Whenever I blog about atrocities against science like the National Center for Complementary and Alternative Medicine (NCCAM), I’m frequently asked how just such an edifice designed to promote pseudoscience could have come to be as a full-fledged center in the National Institutes of Health. The answer is simple and boils down to woo-loving legislators. In the case of NCCAM, the primary driving force to create it, promote it from an office (originally the Office of Unconventional Medicine and then later renamed the Office of Alternative Medicine) to a full center, and protect it from all attempts to impose scientific or to defund it was Senator Tom Harkin (D-IA). Indeed, the first OAM director resigned under pressure from Harkin when he objected to Harkin’s OAM council nominees who were involved in cancer scams such as laetrile and various “alternative” cancer clinics in Tijuana. Oddly enough (or perhaps not so oddly), I’ve learned from my interactions with NIH researchers that Harkin is viewed very favorably by the NIH because he’s been a tireless advocate for protecting and increasing NIH funding. In other words, he’s viewed as a defender of science, even though he’s inflicted one of the worst injuries on the NIH ever by inflicting NCCAM on it. It would be an interesting philosophical discussion to debate whether the damage he’s done by creating NCCAM outweighs the good he’s done by championing the NIH and the real science it does.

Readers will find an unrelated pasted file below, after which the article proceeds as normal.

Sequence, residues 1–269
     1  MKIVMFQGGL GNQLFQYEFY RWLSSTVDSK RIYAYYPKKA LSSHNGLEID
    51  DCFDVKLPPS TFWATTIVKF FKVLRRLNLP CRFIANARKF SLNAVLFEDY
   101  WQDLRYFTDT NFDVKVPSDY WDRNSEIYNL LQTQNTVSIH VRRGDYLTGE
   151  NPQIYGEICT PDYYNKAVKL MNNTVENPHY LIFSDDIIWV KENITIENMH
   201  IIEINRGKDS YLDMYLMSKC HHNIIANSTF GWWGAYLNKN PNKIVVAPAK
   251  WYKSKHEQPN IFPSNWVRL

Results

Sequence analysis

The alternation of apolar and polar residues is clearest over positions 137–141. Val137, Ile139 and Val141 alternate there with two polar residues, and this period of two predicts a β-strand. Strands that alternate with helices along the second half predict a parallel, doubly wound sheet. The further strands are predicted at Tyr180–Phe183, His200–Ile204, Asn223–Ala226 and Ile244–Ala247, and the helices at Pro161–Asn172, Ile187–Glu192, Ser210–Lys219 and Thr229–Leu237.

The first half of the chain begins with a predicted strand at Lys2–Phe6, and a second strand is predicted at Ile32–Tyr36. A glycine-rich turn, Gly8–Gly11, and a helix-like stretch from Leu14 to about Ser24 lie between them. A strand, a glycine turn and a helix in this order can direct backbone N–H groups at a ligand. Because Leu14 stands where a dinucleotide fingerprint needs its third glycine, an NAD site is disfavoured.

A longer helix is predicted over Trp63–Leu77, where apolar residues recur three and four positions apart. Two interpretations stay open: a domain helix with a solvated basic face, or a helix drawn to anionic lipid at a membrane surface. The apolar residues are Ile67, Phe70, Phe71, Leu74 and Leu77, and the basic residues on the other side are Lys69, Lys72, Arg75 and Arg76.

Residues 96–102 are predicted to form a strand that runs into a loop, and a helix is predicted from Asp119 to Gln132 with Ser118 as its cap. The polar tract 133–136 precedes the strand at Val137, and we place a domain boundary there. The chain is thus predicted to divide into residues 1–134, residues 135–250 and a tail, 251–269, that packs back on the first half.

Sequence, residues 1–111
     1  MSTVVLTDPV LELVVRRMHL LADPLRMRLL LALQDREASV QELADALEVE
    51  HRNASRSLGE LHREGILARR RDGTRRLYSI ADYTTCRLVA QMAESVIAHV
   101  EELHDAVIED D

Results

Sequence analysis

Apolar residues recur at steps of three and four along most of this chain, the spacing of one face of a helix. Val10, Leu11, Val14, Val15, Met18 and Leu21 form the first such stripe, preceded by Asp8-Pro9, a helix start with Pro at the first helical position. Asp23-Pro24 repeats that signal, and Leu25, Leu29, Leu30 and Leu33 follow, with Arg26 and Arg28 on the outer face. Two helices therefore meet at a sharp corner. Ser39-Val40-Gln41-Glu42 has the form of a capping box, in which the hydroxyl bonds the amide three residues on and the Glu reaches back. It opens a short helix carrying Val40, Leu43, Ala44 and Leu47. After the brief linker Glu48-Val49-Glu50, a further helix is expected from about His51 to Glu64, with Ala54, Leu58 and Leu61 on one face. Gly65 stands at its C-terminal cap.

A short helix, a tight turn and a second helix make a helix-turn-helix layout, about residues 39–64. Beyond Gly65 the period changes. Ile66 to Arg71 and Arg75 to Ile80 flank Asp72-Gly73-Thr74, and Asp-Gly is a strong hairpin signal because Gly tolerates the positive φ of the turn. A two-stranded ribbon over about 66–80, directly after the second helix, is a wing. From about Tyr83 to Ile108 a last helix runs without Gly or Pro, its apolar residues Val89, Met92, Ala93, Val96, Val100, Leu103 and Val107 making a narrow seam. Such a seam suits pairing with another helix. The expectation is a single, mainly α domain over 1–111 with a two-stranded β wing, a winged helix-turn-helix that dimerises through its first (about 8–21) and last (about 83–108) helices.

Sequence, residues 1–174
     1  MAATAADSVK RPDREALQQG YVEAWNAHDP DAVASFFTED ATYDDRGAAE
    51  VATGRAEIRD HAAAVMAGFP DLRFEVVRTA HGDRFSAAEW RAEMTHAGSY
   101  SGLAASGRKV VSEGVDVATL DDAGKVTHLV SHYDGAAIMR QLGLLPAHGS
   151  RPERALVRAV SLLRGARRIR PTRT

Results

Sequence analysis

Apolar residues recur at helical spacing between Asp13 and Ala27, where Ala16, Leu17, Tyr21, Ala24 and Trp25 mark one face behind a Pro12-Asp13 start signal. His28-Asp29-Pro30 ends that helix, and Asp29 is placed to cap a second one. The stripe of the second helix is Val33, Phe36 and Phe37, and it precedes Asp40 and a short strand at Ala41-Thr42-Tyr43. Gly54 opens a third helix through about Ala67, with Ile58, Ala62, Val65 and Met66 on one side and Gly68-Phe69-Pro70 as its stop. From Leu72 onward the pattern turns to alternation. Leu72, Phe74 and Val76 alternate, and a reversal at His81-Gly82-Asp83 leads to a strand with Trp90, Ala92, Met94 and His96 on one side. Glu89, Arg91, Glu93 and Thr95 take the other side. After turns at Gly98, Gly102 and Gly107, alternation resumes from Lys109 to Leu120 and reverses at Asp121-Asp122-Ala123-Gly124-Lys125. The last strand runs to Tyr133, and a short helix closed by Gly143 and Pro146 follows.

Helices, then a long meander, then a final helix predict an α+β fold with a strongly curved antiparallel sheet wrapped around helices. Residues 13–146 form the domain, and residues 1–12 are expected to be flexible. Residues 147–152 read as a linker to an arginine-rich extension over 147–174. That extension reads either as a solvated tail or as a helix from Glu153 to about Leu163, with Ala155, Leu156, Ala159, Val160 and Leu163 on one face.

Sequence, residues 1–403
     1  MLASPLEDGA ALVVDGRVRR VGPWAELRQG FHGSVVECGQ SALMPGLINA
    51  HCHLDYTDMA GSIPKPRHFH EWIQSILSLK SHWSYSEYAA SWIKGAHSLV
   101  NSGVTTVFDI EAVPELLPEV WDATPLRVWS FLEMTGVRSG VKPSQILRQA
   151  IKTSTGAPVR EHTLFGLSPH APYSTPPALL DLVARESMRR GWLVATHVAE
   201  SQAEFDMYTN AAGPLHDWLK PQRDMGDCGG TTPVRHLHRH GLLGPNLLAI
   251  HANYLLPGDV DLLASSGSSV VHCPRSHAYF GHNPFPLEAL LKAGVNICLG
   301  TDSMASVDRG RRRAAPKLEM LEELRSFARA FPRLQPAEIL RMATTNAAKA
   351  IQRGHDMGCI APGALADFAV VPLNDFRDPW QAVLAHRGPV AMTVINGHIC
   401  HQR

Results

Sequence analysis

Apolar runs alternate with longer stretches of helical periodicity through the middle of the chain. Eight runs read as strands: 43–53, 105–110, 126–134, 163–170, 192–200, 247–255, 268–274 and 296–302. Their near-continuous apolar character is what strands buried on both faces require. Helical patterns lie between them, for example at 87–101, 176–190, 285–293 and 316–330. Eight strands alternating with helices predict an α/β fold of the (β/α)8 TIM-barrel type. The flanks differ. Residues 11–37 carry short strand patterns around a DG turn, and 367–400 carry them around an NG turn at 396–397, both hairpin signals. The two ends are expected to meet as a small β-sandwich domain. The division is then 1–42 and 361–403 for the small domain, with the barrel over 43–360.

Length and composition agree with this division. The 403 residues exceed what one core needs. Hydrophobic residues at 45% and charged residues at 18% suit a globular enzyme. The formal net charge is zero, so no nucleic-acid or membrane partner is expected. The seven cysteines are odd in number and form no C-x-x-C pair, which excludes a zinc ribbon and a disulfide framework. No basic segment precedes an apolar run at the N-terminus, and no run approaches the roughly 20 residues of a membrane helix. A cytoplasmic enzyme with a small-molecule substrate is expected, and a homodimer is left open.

Be that as it may, there is another powerful legislator who has been a champion of quackery for more than 20 years. He’s from the opposite side of the aisle and in the House of Representatives. I’m referring, of course, to Representative Dan Burton (R-IN). Where Harkin is probably the foremost promoter of quackery in the Senate (with the possible exception of Orrin Hatch, whose pitbull-like defense of his state’s supplement industry from anything resembling responsible regulation that might impede its ability to make huge profits is a depressing wonder to behold), Burton is arguably the foremost champion of quackery in the House. Back in his heyday, he was able to inflict expensive and unethical clinical trials such as TACT on NCCAM and the NIH, but most prominently he was known as the most powerful antivaccine activist in the U.S. Congress. Say what you will about Tom Harkin, I’ve never been able to find any evidence that he is antivaccine. Burton, however, is antivaccine to the core, believing that his grandson’s autism was due to the mercury in thimerosal-containing vaccines. Back in the day (say, ten years ago) when Burton was chair of the House Committee on Oversight and Government Reform, Burton held showboating kangaroo court-style “hearings” about thimerosal=containing vaccines, in which he hectored CDC and FDA officials, even going so far as to propose bringing criminal charges against these officials. A few years later, Burton tried to insert himself into the Autism Omnibus hearings on the side of the “vaccine-injured,” using typically awful antivaccine studies as his “evidence.” As I’ve pointed out before, Burton is excellent evidence that antivaccine fear mongering is a form of quackery that transcends political boundaries, as Burton is about as conservative politically as they come.